Chuck Leddy reviews YANKEE COME HOME: On the Road From San Juan Hill to Guantánamo by William Craig (Walker, $28) in this article for Boston’s Globe.
For William Craig, the whole thing started with a crisis of faith.
When the United States launched its global war on terror in the aftermath of 9/11, Craig felt angry and cheated. Like many Americans, the Vermont journalist understood the grim necessity of heading to Afghanistan, but when that expanded into “an axiomatic endless ‘war on terror,’ ’’ he threw up his hands.
He grew furious over what he viewed as the Bush administration’s “preposterous fabrications, from Iraq-Al Qaeda links to WMDs’’ and the news media’s blindness to it all. And he had a personal stake in all of it.
First, he had a Marine stepson who was being sent into harm’s way for a conflict he considered illegitimate. Moreover he came to believe that the Global War on Terror was just the latest in a string of US imperial misadventures dating back to the Spanish-American War and America’s involvement in Cuba, a military effort Craig’s great-grandfather “Papa” O’Brien bragged about being part of.
Craig becomes convinced that the answer lies in Cuba, and “Yankee Come Home’’ chronicles his travels in the island nation in an attempt to understand the beginnings and present realities of US imperialism, from Santiago’s San Juan Hill to Guantánamo Bay’s infamous US detention center, and to come to terms with America’s history and his own.
In order to circumvent the US embargo, Craig enters Cuba under the guise of a Christian missionary. As he travels the country, he clearly comes to love and respect the Cuban people, their breathtaking mixture of cultures, and their brave endurance over the course of a long history of brutal colonialism and communist totalitarianism.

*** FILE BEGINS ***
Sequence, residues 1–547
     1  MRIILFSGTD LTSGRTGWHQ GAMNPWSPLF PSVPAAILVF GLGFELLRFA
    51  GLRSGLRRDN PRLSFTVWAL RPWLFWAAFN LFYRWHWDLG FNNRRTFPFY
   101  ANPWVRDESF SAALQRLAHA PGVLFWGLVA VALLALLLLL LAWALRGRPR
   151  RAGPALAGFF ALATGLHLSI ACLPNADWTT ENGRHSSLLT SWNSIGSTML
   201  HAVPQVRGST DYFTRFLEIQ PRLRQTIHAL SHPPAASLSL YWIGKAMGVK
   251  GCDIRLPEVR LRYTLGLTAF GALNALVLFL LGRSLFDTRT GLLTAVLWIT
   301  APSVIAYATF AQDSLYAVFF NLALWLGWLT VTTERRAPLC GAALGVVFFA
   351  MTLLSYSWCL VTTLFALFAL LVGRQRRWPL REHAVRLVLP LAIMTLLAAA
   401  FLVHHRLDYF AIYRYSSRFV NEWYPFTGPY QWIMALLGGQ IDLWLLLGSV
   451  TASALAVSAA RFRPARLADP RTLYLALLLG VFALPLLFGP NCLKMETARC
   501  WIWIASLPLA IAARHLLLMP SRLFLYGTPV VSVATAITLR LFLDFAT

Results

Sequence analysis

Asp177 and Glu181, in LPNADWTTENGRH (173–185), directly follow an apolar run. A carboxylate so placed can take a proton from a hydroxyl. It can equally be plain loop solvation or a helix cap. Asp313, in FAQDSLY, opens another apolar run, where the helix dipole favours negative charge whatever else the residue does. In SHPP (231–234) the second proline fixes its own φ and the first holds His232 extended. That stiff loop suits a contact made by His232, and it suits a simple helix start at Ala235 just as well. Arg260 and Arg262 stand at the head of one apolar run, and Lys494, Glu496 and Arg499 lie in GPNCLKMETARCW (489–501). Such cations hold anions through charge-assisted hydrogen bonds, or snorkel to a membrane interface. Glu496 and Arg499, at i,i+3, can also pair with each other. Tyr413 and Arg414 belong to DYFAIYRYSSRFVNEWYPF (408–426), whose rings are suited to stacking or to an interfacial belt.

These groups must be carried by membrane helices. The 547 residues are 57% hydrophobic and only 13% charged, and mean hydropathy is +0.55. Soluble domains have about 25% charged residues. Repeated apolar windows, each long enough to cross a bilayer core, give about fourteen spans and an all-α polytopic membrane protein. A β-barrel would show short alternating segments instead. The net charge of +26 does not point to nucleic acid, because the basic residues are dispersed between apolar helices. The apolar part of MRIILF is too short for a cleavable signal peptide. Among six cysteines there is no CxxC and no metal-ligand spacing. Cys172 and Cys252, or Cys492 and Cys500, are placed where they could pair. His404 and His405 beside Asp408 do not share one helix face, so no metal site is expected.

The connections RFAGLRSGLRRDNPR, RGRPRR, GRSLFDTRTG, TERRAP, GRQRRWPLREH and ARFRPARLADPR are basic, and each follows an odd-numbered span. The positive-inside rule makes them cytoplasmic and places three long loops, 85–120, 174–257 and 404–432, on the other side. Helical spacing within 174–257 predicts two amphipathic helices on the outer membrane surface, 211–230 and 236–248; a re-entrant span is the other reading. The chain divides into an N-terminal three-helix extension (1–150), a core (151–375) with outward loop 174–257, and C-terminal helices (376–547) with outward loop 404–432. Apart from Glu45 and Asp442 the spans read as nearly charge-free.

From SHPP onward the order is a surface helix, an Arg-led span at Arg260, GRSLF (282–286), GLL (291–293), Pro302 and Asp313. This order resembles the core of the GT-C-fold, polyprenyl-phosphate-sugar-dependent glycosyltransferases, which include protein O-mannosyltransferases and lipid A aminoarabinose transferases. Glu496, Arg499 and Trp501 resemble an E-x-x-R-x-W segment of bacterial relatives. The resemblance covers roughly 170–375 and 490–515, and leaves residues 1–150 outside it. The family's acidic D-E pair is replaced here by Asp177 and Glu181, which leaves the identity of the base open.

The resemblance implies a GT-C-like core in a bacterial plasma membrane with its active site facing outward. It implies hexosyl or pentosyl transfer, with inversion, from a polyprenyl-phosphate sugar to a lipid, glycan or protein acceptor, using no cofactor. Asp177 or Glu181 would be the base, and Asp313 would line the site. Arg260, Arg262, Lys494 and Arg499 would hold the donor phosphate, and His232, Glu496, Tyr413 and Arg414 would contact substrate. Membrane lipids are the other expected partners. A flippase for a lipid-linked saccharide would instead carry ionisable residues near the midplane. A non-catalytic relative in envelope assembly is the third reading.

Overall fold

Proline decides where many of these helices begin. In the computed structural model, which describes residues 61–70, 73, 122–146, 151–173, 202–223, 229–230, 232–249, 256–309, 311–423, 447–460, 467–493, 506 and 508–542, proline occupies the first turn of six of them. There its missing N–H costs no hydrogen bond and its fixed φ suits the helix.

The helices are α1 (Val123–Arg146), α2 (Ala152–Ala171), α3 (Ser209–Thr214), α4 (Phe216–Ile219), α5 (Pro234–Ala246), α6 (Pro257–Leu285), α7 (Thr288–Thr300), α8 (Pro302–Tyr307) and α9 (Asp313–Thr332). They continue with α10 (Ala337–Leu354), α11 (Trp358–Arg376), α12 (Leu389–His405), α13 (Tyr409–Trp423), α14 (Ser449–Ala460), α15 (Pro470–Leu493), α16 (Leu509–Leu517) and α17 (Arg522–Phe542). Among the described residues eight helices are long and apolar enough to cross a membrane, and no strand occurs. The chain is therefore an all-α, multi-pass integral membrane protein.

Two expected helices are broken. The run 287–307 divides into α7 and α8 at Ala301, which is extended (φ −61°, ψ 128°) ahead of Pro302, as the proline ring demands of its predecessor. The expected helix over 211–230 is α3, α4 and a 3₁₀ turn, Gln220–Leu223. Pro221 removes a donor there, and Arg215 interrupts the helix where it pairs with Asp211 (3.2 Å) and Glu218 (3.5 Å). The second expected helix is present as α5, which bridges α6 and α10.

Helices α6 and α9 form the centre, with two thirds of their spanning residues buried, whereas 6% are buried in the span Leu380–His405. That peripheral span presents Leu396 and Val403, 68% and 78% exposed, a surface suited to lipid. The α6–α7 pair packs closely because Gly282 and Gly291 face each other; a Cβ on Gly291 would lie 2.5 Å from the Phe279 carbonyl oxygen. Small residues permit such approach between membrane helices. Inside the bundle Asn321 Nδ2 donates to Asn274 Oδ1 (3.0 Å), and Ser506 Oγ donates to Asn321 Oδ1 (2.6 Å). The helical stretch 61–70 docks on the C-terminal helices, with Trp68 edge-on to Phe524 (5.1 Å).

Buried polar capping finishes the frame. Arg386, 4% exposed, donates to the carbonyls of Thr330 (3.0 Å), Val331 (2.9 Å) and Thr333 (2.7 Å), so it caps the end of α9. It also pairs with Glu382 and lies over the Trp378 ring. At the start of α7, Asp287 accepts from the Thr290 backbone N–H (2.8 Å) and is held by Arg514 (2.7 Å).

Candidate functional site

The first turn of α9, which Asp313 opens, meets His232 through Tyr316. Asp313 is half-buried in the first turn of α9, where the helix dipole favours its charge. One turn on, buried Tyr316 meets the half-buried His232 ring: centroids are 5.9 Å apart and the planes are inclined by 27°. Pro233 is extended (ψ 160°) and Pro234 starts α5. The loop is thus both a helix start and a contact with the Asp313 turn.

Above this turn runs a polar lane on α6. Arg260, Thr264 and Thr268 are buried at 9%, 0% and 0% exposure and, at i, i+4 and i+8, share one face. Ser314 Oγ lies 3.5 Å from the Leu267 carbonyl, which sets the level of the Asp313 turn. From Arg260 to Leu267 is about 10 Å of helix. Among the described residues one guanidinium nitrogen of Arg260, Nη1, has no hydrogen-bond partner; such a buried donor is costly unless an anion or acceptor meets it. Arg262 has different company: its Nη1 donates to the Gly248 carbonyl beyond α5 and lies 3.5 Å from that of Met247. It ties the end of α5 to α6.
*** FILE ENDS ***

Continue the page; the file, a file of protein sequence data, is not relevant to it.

Craig brings readers the sights, sounds, and smells of Santiago, where he climbs San Juan Hill to recall when the United States promised to support the Cuban uprising against colonizer Spain. He reminds us of America’s broken promise to leave the Caribbean nation to self-rule at the war’s end, making Cuba the place where “we ditched our republican ideals for the charms of empire.”
The contemporary Cuba that Craig describes is awash in history, a place where the heroes of the Cuban Revolution, like Che Guevara and Oscar Lucero Moya, are alive in the national memory. With his own powerful sense of the ironies and deep tragedies of Cuban-American history, Craig seems right at home here.
Although Craig’s personal politics are apparent, he’s also open about the shocking inefficiencies and brutality of the present Cuban regime. He regales readers with accounts of food rationing, endless lines, and bureaucratic mazes. And after being interrogated for hours by a Ministry of the Interior official about why he wants to visit Guantánamo Bay (his request is denied), Craig is filled with a sense of how precarious are the everyday lives of Cubans. “The communist system doesn’t work,” he observes.
History and politics loom large here, but the heart of this book is personal. A major subplot involves his great-grandfather and a story that he told, which eventually proves false, about his charge up San Juan Hill. He details what he does know about the man: about Papa’s drinking, his difficulty keeping jobs, and the family problems. So he begins to do some research and quickly discovers large gaps in what the family knows about this man, omissions that become a cautionary tale: “Papa died a mystery. . . . As a great-grandfather, he taught me the cost of self-invention. What happens when we choose to forget our history. What kinds of hurts do we inflict — on ourselves, on generations to come — when we insist that we aren’t who we are?’’
“Yankee Come Home” is a wonder-filled act of excavation and an indictment of our nation’s foreign policy. And the corrective? Craig comes to believe that the only way to reexamine our role in the world is by doing what he did: going out and looking at how others view us.